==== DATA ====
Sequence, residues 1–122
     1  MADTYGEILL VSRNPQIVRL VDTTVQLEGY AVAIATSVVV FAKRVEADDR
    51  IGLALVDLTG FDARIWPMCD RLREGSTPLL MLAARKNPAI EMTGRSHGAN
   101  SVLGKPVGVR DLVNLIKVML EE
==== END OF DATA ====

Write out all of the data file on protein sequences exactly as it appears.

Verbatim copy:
Sequence, residues 1–122
     1  MADTYGEILL VSRNPQIVRL VDTTVQLEGY AVAIATSVVV FAKRVEADDR
    51  IGLALVDLTG FDARIWPMCD RLREGSTPLL MLAARKNPAI EMTGRSHGAN
   101  SVLGKPVGVR DLVNLIKVML EE